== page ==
How many downloads were paid? Who knows. One reasonable estimate comes from the fraction of Pandora listeners that pay for what is a free service: 4.3% (3.3 million subscribers out of 76.5 million monthly listeners). That works out to 189,800 buyers (4.3% of 4.4 million) and revenue of $1.02 million (189,900 times 90%, Yorke's take of BitTorrent sales, of the $6 sale price).
That's the equivalent of 146,000 digital album sales at $10 retail and $7 wholesale. That wouldn't be a bad showing for a self-released, direct-to-fan album that allowed Yorke to circumvent major download stores and gather customer information -- but it's no Hollywood starring role, either.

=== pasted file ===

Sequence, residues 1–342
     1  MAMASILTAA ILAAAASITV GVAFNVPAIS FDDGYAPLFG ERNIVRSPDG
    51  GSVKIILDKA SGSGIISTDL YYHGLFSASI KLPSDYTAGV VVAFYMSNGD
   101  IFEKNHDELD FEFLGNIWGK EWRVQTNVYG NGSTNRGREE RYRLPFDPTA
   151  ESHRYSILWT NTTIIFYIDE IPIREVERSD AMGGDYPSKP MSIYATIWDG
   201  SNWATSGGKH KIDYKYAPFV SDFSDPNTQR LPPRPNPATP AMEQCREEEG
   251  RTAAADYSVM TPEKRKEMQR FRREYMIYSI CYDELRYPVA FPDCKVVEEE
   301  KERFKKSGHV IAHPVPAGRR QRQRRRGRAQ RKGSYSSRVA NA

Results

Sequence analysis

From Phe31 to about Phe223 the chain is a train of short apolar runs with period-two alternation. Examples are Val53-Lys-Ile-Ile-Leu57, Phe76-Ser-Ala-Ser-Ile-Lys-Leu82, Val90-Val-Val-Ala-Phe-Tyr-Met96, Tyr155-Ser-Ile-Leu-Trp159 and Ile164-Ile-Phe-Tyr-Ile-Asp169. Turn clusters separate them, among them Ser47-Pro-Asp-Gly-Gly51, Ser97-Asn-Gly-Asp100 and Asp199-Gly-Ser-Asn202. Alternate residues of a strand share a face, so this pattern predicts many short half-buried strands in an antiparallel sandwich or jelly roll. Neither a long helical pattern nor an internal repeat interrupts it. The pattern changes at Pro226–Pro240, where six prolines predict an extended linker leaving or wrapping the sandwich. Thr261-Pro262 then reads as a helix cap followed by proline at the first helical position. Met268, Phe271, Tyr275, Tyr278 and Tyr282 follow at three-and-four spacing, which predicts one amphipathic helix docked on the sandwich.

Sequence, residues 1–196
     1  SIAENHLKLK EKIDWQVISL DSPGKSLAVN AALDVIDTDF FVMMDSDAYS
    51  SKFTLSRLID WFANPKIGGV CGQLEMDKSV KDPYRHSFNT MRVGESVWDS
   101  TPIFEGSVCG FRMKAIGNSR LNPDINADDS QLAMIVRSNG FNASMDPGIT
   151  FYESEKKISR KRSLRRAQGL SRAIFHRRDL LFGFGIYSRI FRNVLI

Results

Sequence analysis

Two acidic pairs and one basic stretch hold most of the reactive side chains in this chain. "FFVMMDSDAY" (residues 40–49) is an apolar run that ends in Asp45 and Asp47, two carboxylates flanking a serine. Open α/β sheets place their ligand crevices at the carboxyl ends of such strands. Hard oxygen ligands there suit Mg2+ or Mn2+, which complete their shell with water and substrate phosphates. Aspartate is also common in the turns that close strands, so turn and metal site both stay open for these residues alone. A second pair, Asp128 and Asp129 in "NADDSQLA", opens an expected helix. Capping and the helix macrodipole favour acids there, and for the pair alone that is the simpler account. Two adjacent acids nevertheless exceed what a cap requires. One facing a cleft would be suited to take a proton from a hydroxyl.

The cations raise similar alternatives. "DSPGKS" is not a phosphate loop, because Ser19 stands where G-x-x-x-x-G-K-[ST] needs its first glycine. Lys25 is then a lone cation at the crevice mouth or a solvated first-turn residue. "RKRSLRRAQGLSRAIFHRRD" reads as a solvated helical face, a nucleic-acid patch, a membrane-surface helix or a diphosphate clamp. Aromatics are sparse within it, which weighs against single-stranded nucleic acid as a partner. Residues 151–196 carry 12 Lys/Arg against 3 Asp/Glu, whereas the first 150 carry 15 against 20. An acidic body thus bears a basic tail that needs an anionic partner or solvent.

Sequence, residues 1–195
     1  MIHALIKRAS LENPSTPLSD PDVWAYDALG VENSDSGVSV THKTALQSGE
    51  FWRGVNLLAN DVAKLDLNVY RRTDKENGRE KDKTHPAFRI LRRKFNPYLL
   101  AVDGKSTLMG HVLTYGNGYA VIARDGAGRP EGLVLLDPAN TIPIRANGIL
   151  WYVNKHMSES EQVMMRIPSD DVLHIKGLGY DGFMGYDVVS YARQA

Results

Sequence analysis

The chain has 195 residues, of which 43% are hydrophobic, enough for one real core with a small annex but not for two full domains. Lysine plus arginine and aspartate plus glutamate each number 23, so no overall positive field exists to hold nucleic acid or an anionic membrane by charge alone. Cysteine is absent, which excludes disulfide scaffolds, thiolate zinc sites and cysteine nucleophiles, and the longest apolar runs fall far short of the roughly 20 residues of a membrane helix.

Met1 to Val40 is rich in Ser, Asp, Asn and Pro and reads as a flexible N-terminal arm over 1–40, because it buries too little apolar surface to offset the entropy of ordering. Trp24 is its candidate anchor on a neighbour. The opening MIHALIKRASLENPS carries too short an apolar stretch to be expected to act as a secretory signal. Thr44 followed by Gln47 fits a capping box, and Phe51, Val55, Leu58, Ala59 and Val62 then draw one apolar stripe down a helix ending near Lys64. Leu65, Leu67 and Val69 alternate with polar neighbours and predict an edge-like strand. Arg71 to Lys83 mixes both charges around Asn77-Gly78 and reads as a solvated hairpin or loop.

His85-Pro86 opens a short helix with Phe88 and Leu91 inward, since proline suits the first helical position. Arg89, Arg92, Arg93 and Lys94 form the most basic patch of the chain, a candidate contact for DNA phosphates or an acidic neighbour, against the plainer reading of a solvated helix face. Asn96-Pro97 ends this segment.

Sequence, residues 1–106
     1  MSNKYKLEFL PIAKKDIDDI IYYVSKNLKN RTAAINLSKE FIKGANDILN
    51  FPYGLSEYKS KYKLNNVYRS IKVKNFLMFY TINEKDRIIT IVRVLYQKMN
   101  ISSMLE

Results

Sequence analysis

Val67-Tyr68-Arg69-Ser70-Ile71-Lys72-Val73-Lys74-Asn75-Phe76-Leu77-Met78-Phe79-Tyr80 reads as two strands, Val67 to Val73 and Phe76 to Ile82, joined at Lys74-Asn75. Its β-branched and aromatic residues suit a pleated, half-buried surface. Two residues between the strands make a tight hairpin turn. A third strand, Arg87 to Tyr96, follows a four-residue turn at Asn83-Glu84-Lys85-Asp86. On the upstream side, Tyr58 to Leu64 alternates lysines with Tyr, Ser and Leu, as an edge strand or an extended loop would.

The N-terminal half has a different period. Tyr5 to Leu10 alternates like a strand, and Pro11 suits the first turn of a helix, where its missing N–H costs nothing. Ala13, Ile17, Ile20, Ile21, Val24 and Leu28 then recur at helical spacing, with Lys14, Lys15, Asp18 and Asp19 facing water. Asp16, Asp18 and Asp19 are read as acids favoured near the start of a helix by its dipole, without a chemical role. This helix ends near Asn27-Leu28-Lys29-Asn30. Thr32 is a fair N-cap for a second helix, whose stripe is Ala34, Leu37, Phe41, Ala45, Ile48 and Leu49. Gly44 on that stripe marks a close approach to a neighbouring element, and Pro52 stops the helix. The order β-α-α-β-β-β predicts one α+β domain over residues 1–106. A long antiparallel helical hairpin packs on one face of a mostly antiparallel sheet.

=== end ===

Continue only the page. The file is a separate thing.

What about a successful scenario? It's not unthinkable that Yorke achieved a paid-to-total download ratio of 25 percent, which is the subscriber-to-total listeners ratio at Spotify. That equates to 1.1 million paid downloads and $5.9 million of revenue.
While the above comparisons with Pandora and Spotify aren't apples-to-apples, they're useful illustrations of how willing people are to pay for something -- when something free is sitting right next to it.